Inside Stanford Medicine View web version
Aug. 8, 2016
Vol. 8, No. 14
Study identifies brain areas altered during hypnotic trances

Study identifies brain areas altered during hypnotic trances

By scanning the brains of subjects while they were hypnotized, researchers at the School of Medicine were able to see the neural changes associated with hypnosis.

 
 
Hormone therapy for brain performance: No effect, whether started early or late
 

Hormone therapy for brain performance: No effect, whether started early or late

Hormone therapy for postmenopausal women has been controversial, with some studies suggesting benefits and others not. Now, a study finds the treatment’s effect on women’s mental skills is negligible.

 
Study challenges view that sickle cell trait increases mortality risk
 

Study challenges view that sickle cell trait increases mortality risk

Surprising findings from a study of health records of thousands of African-American soldiers show that a common genetic condition poses far less risk than previously thought.

 
Anti-tumor antibodies could counter atherosclerosis
 

Anti-tumor antibodies could counter atherosclerosis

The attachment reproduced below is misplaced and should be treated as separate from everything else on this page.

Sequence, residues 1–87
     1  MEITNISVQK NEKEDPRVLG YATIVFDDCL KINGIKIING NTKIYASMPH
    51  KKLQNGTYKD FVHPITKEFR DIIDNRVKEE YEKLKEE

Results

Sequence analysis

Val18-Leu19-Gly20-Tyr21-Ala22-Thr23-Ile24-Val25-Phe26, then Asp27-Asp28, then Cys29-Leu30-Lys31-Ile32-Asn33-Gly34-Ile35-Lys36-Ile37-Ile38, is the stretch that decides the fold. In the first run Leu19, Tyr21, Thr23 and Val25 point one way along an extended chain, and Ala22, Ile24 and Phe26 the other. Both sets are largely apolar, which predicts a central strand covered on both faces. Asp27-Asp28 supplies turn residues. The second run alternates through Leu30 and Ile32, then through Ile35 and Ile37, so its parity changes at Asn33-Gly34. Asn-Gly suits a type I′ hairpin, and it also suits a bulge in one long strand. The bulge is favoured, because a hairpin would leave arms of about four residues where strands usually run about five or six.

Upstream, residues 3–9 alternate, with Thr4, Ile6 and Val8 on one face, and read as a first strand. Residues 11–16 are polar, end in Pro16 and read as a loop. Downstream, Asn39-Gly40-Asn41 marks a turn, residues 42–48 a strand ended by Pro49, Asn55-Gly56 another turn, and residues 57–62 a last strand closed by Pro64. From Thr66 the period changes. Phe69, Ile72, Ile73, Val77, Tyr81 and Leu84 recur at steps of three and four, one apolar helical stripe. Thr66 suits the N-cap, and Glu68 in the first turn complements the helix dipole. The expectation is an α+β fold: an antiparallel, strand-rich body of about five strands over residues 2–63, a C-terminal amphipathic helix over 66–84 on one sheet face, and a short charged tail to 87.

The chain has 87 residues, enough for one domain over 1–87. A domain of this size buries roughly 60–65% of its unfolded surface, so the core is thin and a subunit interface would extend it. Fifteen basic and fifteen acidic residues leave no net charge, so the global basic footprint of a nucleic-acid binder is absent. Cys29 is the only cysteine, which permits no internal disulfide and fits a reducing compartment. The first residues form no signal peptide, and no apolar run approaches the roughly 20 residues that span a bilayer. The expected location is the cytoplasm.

A biological drug could be used to combat cardiovascular disease by targeting not mere risk factors such as high cholesterol or high blood pressure, but the actual lesions bearing direct responsibility: atherosclerotic plaques.

 
Researchers coax human stem cells to rapidly generate bone, heart muscle
 

Researchers coax human stem cells to rapidly generate bone, heart muscle

A new study shows that combining positive and negative signals can quickly and efficiently steer stem cells down complex developmental pathways to become specialized tissues that could be used in the clinic.

 
Chronic disease in China is focus of seminar at Stanford Center at Peking University
 

Chronic disease in China is focus of seminar at Stanford Center at Peking University

A graduate seminar in Beijing brought together students from Stanford and China to consider solutions to China’s growing problems of cancer, stroke and heart disease.

 
5 Questions: David Entwistle on taking the helm of SHC

5 Questions: David Entwistle on taking the helm of SHC

In a Q&A, the new president and CEO of Stanford Health Care shares his thoughts about his new job and the evolving health care landscape.

 

  

  

Of note

A roundup of recent honors and awards. In this issue, read about Raag Airan, Lisa Chamberlain, Ross McDougall, Anne Villeneuve and others.


Inside Stanford Medicine is a twice-monthly newspaper that reports on the accomplishments and activities of the faculty, staff and students in the Stanford Medicine community. To suggest a story or to get more information, contact editor John Sanford at (650) 723-8309 or jsanford@stanford.edu.

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